KPPC: A Journey Through History

www.JasonMedinaTribalPublications.com/

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70 Comments

Reply Abudodeq
6:29 PM on September 2, 2017 
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11:27 PM on August 6, 2017 
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Reply Jason Medina
12:05 AM on February 16, 2017 
It is too bad you did not contact me sooner. I could have used some of your stories and experiences in the book. I spoke to many former employees and a few former patients. The book is now in the hands of the publisher. It should be ready for release in a couple of months. I hope you will get a copy. You won't be disappointed and your daughter will have all the history should could ever want to know about the KPPC at her disposal, along with over 3100 photos.
Reply Dezerep
11:41 PM on February 10, 2017 
I worked at KPPC for a short period of time in the late 70's. while a friend of mine worked with me stayed there for 30 mor so more years. The memories I have of that place are still quite vivid. I told my daughter some PG rated versions of stories. While still young, she was enthralled. So much so, that when a free tour was announced just a few years ago, she wanted me to take her there...and I didnright around Halloween. Perfect time! However, there was such a huge turn out that I just gave a tour myself. As the day got darker and the wind and clouds rolled in, we soon left after exploring and entering the buildings. Suffice to say we soon left as it got dark and a day room door slammed from the wind echoing to the road outside. At which point, my daughter asked to leave. Though she was scared, she was thrilled going there and hearing stories. She was so impressed hat she told my brother, who was in film school at the time, and we ended up making a short film called 'Super 48'. While it's been decades since I worked there, it never left me. While I was threatened by just a few patience, I saw them all as human beings and treated them as such as best I could. When they shut the facility, we lightly joked about it and envisioned how it could be presented to patience. Something like: 'Hello Mr. X! I have some good news and bad news: the bad news is that the State ran out of money and will be shutting down the hospital.' ' So what's the good news?' We imagined they would ask. ' Well the good news is: you are cured!'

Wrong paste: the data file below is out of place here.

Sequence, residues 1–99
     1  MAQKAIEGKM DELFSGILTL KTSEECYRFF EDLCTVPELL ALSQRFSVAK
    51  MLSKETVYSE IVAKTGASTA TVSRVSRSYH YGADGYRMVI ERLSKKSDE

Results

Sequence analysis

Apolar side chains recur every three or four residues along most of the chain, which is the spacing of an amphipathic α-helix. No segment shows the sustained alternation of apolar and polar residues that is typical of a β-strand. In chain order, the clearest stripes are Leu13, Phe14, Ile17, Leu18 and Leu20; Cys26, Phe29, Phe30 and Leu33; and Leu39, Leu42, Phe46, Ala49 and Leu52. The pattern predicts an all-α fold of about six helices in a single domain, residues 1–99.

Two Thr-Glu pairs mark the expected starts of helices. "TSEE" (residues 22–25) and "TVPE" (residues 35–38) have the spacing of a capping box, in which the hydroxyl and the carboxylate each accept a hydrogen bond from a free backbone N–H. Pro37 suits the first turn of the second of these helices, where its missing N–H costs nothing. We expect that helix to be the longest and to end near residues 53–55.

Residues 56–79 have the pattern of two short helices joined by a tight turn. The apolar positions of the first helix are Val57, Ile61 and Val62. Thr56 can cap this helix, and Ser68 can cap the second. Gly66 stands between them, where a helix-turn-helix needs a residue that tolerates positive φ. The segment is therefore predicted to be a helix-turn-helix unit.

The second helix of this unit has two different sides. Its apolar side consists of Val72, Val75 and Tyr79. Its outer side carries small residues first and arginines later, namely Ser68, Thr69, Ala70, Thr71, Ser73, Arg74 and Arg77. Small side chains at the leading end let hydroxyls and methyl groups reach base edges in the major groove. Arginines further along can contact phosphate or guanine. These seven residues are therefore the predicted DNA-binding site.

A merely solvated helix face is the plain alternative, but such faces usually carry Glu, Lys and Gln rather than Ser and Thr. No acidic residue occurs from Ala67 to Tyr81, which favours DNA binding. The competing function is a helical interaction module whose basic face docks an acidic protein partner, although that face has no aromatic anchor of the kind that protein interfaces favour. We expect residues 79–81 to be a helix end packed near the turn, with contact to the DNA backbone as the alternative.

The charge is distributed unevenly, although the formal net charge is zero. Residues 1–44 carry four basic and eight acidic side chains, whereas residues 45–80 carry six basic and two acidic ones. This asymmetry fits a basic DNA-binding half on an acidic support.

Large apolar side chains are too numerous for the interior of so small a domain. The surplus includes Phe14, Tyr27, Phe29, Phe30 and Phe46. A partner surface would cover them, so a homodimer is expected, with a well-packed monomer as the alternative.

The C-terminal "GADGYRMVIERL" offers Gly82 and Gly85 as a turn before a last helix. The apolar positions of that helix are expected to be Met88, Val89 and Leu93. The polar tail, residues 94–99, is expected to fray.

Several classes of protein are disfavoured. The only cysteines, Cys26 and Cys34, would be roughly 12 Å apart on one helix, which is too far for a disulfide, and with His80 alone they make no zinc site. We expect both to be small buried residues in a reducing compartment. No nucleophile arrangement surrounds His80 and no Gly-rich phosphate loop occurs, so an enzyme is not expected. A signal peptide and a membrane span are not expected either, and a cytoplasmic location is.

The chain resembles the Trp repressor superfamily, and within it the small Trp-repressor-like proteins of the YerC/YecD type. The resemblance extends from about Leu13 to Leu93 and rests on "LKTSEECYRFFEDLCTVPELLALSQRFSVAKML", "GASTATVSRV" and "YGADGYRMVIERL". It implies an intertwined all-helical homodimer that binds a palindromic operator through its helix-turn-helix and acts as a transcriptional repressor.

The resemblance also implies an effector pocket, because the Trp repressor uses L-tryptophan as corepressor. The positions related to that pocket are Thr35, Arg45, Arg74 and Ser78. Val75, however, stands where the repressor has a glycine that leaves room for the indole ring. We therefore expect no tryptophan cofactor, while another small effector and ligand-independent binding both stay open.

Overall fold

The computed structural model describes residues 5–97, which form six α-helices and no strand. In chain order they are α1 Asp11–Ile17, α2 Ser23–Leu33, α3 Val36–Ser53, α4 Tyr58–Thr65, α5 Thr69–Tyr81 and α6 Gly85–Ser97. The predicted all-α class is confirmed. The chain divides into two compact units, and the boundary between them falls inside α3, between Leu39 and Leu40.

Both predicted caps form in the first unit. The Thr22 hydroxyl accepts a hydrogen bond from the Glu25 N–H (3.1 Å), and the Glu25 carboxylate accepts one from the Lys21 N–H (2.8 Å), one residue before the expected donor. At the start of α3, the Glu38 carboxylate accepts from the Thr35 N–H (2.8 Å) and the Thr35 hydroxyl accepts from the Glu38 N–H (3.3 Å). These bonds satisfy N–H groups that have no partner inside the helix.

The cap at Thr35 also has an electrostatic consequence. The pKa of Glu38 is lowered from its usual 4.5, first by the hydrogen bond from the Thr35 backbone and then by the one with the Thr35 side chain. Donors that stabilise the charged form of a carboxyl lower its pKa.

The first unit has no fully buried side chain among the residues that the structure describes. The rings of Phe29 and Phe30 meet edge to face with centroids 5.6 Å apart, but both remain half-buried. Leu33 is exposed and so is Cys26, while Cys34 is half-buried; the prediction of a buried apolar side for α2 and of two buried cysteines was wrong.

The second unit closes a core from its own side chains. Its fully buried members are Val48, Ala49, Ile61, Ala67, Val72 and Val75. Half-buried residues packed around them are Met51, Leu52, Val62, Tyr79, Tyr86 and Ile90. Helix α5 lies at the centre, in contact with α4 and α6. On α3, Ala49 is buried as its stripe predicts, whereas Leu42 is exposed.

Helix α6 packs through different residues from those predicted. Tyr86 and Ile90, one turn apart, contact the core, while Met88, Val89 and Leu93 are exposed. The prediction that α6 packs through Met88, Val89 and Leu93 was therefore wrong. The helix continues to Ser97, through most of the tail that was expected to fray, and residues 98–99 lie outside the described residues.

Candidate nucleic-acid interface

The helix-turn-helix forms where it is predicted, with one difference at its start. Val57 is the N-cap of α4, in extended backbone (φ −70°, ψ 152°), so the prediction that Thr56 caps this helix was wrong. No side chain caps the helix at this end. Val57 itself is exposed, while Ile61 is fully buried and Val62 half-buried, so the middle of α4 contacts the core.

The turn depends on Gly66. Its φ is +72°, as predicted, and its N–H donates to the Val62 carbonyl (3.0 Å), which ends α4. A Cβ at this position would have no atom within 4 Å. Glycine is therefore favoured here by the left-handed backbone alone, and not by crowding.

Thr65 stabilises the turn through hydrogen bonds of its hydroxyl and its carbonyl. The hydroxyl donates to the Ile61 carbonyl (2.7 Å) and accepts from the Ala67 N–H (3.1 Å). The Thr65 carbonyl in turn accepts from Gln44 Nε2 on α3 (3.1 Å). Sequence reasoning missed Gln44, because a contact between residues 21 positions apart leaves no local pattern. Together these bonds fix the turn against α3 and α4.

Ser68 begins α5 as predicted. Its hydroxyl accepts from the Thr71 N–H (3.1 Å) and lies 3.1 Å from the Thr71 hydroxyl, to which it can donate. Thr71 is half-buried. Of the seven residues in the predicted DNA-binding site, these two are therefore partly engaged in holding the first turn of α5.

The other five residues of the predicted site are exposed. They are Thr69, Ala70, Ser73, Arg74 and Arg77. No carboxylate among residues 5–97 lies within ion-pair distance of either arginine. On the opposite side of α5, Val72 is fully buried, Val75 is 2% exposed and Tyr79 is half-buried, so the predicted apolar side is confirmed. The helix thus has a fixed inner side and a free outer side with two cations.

Reply Jason Medina
10:06 AM on August 9, 2016 
There is more than one documentary available on DVD. One is called Forgotten Wards. You can buy it on Amazon.com. Another one is called The Kings Park Story or My Kings Park Story and it is by a former patient named Lucy Winer. Both are very informative.
Reply Carmela Mone' Hilton
4:30 AM on August 9, 2016 
Hello, I have been reading your articles on KPPH and I am very interested in locating a Movie on the hospital. I worked in building A and B as well as Building 7 on the 7th floor and the x-ray dept up until 1969. I went to classes there as they were required by the state. I have information as I would love to share with you. When I became pregnant in 1968 I transferred into the recreation dept. Along with my mother who was a recreation ade. I visited the grounds last year along with my husband, daughter and her fiance to show them where I worked. I saw some patients sitting outside that were staring at us. It looked as though they lived there. I purchased adocumentary last year on amazon.com and there was another movie I wanted to get. If you can tell me where I would appreciate it. Thank you. Carmela Mone'Hilton
Reply Jason Medina
6:37 PM on December 5, 2014 
Arlette Kelly says...